I don’t know the answer to fixing this. THere’s an inherent danger in police work that can’t be ignored. But law enforcement doesn’t help itself by relying on no-knock warrants when common sense could prevent any SWAT raid in the first place. The tragedy at Waco could have been avoided if ATF had just grabbed Koresh on the street during his morning walk. All of these drug users and dealers need to get milk sometime, don’t they? Why the rush to use tactics developed for the most dangerous crimes when they could just wait for the guy to have his hands full with groceries?

  4. @Rcampbell “A no-knock search for marijuana plants? Why? We’re the plants going to hide? Might all the plants be flushed or destroyed in the additional seconds required by a knock-and-enter search? ”

    That is a really good point. No-knock warrants are not allowed because serving warrants is dangerous work – regardless of what some are saying here.

    No-knock warrants are allowed to prevent destruction of evidence. But almost by definition, plants are not easy to destroy. It is just not very easy to get rid of the evidence of a plant.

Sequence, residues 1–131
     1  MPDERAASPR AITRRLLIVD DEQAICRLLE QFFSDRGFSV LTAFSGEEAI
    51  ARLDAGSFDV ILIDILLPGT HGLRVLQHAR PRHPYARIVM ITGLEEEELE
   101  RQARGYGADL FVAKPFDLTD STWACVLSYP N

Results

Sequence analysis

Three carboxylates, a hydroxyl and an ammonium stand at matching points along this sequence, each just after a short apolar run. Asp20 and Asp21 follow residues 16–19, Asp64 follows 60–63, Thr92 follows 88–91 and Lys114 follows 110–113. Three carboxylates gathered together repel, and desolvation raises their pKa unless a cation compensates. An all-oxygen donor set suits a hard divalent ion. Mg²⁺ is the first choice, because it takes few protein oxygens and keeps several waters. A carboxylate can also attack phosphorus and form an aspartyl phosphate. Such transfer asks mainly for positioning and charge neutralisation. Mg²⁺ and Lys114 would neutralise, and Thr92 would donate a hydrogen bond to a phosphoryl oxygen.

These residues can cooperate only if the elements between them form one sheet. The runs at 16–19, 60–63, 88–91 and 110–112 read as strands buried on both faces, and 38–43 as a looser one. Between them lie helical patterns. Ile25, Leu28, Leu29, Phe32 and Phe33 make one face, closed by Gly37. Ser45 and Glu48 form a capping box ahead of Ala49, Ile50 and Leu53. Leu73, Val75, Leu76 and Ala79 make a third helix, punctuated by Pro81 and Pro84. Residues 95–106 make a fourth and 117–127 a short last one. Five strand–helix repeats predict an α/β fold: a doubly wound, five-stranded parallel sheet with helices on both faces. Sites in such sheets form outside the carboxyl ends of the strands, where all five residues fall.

It would seem that judges and magistrates have an obligation to deny no-knock warrants when the contraband cannot be easily destroyed or removed as is the case with plants.

    BTW, there was a time when some were bragging that contraband could be recovered from sewer lines even after 15 or more flushes. I don’t know how true that is – but have you ever considered how long it takes to flush 15 times?

    Many no-Knock warrants unnecessarily endanger citizens with no benefit to society.

  5. Gary, There was a local Madison TV news story on that baby. The mom is from Wi. and the family moved back here to get away from all the craziness. They had footage of the child. Scarred for life, but thankfully, doing well otherwise.

  6. @GaryT

    I am from Texas. This is one of those events (like Trayvon) where you hate to see somebody get killed, but the dead guy put his own self in that position.